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Mocking REST API

Date - 06/10/2017


Microservices and Cloud-native development entails you communicating between services via gRPC, REST, GraphQL or can be combination of them. So for REST based communication, front end ends up calling REST APIs. If you want to call a REST based API and work on the returned response to render a page. But it often happens that you will not have the API ready for your consumption. It will be getting tough to mock the data and have it statically given as source. But then problem with this approach is that when API is ready we end up rewrite the code to consume API data.

This is something everyone would have faced when working on front end development. This is where JSON-SERVER comes in.

  "posts": [
    { "id": 1, "title": "json-server", "author": "typicode" }
  "comments": [
    { "id": 1, "body": "some comment", "postId": 1 }
  "profile": { "name": "typicode" }
json-server --watch db.json

Now if you go to http://localhost:3000/posts/1

{ "id": 1, "title": "json-server", "author": "typicode" }

you get the idea right ?

How to install.

npm install -g json-server

-g installs this globally so that you can run json-server from any directory. This is bit flexible as you can keep the json server out of your project structure (if you want to).

I don't want to repeat all the awesome documentation from json-server link mentioned above. Trying to pin point few things of interest.

you can specify an alternate port than the default one.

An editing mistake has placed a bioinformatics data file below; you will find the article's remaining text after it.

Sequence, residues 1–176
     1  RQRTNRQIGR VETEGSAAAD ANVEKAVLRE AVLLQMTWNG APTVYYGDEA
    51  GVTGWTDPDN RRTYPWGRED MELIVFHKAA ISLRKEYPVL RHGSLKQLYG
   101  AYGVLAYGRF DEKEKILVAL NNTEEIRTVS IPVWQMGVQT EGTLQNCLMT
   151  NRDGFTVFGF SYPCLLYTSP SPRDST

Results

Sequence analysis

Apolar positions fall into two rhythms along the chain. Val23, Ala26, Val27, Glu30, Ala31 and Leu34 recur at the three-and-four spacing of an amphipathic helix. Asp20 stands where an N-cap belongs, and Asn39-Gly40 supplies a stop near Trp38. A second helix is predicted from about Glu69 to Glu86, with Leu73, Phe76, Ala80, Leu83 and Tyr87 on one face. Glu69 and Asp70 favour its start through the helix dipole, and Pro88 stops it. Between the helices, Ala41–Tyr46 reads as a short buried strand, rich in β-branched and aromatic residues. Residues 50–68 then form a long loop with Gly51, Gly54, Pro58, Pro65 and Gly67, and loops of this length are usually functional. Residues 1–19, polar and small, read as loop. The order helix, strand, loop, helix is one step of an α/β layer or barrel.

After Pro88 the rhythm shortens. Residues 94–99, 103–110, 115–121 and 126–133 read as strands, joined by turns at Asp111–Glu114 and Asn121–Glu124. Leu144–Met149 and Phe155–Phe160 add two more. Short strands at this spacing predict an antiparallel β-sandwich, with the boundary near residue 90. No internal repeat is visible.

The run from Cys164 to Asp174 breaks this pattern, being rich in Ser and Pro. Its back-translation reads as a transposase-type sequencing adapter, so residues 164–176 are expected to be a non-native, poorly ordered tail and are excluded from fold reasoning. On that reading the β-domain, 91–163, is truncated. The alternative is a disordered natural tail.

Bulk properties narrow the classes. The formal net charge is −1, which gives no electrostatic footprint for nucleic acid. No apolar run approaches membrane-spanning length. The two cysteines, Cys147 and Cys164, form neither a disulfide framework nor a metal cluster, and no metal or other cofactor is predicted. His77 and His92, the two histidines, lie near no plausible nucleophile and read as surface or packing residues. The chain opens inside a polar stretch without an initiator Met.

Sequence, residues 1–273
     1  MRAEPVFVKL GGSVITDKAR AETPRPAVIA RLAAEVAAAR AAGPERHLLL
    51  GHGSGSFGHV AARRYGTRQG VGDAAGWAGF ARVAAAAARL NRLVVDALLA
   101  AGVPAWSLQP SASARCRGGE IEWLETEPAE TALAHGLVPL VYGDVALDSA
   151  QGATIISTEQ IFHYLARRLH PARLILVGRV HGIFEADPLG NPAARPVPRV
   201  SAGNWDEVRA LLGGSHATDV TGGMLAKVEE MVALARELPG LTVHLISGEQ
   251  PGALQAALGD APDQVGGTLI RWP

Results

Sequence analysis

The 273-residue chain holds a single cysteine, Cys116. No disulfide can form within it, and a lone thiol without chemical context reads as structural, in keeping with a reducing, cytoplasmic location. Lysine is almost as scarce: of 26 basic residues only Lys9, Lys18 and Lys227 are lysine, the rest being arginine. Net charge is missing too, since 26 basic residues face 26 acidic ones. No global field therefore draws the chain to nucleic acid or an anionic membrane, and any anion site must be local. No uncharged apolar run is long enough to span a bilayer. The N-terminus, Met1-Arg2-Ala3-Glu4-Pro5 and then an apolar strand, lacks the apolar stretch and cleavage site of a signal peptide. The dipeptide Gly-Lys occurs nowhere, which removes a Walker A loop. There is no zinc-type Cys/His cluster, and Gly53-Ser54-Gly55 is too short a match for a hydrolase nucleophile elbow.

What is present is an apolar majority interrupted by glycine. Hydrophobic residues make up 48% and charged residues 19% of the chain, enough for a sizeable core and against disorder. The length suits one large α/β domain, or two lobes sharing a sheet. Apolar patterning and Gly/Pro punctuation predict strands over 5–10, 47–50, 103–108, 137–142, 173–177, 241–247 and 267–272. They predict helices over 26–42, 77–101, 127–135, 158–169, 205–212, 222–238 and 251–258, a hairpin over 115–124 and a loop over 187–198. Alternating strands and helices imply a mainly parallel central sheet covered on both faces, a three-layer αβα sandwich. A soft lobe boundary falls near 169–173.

$ json-server --watch db.json --port 3004

You can serve static content ( much like apache or nginx ). Quite handy that this is bundled here.

json-server db.json --static ./some-other-dir

You can create dynamic content from js

// index.js
module.exports = () => {
  const data = { users: [] }
  // Create 1000 users
  for (let i = 0; i < 1000; i++) {
    data.users.push({ id: i, name: `user${i}` })
  return data

You can create custom routes, here specify a routes.json with following content.

  "/api/": "/",
  "/blog/:resource/:id/show": "/:resource/:id",
  "/blog/:category": "/posts?category=:category"

start the server with --routes option. This gives the power to adapt to existing api path.

$json-server db.json --routes routes.json

Some reference article here and here

Few thoughts :

  1. As a team when we start developing , if backend developers start with interface definition and API implementation gives front end dev team to leverage it and work towards it without much rewrites later in the dev stage.

  2. Front end team trying to consume REST APIs can get some help with JSON-SERVER to start mocking early and a head start.